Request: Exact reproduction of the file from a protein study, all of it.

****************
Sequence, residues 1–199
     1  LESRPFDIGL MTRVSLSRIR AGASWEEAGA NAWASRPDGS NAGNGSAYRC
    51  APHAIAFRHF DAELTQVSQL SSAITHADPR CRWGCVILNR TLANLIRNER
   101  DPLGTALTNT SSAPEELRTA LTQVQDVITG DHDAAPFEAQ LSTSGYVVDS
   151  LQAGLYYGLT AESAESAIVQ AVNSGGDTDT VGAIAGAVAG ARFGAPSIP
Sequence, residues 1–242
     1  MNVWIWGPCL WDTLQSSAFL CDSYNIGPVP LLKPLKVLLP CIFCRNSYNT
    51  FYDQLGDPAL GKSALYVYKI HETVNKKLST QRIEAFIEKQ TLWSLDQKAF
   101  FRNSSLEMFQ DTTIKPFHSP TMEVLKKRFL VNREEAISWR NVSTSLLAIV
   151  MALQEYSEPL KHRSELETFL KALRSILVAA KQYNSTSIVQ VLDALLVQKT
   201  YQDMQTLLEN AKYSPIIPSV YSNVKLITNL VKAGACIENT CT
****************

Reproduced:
Sequence, residues 1–199
     1  LESRPFDIGL MTRVSLSRIR AGASWEEAGA NAWASRPDGS NAGNGSAYRC
    51  APHAIAFRHF DAELTQVSQL SSAITHADPR CRWGCVILNR TLANLIRNER
   101  DPLGTALTNT SSAPEELRTA LTQVQDVITG DHDAAPFEAQ LSTSGYVVDS
   151  LQAGLYYGLT AESAESAIVQ AVNSGGDTDT VGAIAGAVAG ARFGAPSIP
Sequence, residues 1–242
     1  MNVWIWGPCL WDTLQSSAFL CDSYNIGPVP LLKPLKVLLP CIFCRNSYNT
    51  FYDQLGDPAL GKSALYVYKI HETVNKKLST QRIEAFIEKQ TLWSLDQKAF
   101  FRNSSLEMFQ DTTIKPFHSP TMEVLKKRFL VNREEAISWR NVSTSLLAIV
   151  MALQEYSEPL KHRSELETFL KALRSILVAA KQYNSTSIVQ VLDALLVQKT
   201  YQDMQTLLEN AKYSPIIPSV YSNVKLITNL VKAGACIENT CT